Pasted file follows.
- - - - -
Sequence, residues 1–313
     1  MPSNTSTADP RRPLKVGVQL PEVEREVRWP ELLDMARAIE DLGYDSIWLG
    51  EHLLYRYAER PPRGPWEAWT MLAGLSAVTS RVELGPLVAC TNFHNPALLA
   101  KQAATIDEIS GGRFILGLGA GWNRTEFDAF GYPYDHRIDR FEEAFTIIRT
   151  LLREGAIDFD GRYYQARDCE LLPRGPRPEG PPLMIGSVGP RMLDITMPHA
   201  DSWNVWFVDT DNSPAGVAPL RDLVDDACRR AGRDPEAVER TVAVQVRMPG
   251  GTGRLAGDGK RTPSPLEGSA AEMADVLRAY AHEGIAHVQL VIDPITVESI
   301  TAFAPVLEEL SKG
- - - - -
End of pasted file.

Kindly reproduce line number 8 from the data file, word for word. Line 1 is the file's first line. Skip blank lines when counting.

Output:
   301  TAFAPVLEEL SKG